Wednesday 24th June 2020
Mum rang this morning. We talked about her furloughing, and the likelihood they will be making her redundant, then about family and the past. Laughed, cried. We’re gonna look at this positively, despite her ongoing imprisonment for the foreseeable.
Did actually go out with some friends from work who I’ve not seen in ages, making use of the 30C sunshine. The grounds on the estate were already packed by morning, every available spot sequestered by sunbathing residents, some on deckchairs or reading on benches, or lolling like dead bodies in the heat, from morning till night.
One of the workmates, A, told me she’d had the lergy, the first person I know who’s been diagnosed -she’d gotten sick back in March and was told by the 111 hotline it was unlikely despite losing her smell and taste. That was back then, when they thought so little of the pandemic, and a sign of how they were sweeping the problem under the carpet, which to this day is still the national pasttime. She only just told her parents 3 months later, and her mum, so distant in Italy, cried.
Meanwhile C turned up as a beautiful stranger, whose lockdown has made him tanned and svelte from the jogging round in his spare time, with perfect locks and Italian shades. He’s been trapped with over-excitable housemates and is now looking to move, while also juggling work politics, such as getting the go-ahead for a trip back home then having it rescinded. We are to reopen soon, with the government okaying museums from the 4th of July.
Drank a wee bit much, about 5 pints plus some wacky in the Subtropical gardens of Battersea National Park. It was populated by the usual crowd peacocking their bikini lines and six-packs, plus another workmate we happened to plant our picnic blankets next to; small world. She’d just graduated from Goldsmiths, but the end of year exhibition -vital in making your name -had been canceled for an online-only showing. Class of 2020 eh. Every generation has a tragedy to stain their prospects -WWI, the Wall Street Crash, WWII, the Cold War, 911. And the Millenials got not just that but the 2008 Recession and now Covid 19 on top, a triple whammy wherein they’re unlikely to get steady work or ever own a property. They have time and time again been paying for the sins of their fathers, with Global warming still to look forward to. No wonder they’re protesting.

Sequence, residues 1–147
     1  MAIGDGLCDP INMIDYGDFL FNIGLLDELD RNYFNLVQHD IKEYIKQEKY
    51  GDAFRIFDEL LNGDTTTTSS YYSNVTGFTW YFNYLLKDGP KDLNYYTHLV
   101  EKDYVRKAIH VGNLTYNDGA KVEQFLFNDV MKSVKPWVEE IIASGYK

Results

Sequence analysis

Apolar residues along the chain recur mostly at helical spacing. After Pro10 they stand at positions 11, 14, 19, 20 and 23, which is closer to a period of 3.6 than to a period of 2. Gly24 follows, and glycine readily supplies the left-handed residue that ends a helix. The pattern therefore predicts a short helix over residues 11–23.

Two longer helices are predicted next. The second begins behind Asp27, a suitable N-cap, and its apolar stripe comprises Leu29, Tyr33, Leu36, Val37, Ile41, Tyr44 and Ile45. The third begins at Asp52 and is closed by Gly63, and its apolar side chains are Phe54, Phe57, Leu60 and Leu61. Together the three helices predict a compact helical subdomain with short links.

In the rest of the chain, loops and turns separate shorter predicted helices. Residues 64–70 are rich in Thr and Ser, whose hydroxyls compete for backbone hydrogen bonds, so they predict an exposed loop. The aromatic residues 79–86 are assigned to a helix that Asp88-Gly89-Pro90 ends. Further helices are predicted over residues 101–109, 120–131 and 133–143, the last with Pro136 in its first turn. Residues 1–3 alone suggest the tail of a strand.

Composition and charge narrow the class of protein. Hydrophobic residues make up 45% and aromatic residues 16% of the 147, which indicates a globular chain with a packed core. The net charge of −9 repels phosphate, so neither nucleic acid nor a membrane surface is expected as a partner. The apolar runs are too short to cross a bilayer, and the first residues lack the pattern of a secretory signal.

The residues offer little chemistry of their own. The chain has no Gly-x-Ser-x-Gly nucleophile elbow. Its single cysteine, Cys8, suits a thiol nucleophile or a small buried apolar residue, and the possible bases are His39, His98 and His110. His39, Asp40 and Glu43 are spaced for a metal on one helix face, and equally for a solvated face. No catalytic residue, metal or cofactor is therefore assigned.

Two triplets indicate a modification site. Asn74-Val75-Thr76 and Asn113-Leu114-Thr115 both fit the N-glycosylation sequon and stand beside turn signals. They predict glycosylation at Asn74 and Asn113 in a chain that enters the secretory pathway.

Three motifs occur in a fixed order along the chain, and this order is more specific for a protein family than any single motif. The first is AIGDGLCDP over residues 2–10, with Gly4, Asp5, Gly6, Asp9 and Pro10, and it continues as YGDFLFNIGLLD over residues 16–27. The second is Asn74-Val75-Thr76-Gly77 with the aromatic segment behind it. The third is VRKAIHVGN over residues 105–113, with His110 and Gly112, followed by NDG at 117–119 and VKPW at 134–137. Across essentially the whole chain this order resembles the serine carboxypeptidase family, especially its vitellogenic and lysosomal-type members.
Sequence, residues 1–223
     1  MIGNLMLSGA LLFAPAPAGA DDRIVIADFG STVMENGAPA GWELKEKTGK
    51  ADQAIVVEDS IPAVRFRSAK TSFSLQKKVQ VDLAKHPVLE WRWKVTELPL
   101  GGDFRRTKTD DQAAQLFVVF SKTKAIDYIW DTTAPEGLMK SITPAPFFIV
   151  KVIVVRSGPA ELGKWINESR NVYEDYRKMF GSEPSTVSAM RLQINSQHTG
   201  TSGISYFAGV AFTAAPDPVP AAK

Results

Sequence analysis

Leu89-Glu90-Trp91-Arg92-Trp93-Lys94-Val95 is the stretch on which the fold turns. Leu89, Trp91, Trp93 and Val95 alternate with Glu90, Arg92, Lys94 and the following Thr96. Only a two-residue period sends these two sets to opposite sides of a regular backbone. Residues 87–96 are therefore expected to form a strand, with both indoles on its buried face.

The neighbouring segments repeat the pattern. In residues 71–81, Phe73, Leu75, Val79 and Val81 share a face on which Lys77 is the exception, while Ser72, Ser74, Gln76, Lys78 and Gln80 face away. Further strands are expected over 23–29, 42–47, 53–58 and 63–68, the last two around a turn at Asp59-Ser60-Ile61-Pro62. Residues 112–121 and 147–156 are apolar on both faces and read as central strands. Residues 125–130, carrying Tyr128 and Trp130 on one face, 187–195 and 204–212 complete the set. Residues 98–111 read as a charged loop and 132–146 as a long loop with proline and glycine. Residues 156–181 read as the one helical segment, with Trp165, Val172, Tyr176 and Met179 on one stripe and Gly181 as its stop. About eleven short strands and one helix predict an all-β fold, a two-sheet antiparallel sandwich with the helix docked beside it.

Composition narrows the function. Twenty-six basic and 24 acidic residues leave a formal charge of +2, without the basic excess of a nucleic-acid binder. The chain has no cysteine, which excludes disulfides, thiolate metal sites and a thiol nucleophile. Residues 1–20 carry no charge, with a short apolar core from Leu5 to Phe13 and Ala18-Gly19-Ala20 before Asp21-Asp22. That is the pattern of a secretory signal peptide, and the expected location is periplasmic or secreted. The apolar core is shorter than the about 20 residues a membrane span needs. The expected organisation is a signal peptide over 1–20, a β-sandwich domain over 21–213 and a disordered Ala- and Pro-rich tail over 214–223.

But was great to catch up and get immersed again in all the gossip, swapping stories into the night -whodja fancy? Who’s a twat? What’s Grindr like? What’s your star sign? Felt much like a teenager again and in a good way, the kind of night where life still lay ahead.
A joined later, then it was a midnight walk back through town, through baking streets and that dark, lurid blue in the night skies. There’s a lot to be said about how rested and enjoyable it has been recently, while things play out beyond our grasp, blinkered as we are by the immediate. The deaths from C-19 are now down to only 15 a day, but we all worry for the second wave, as the US is on trend to experience right now. It has to end some time, this lockdown, and we come crashing back to reality.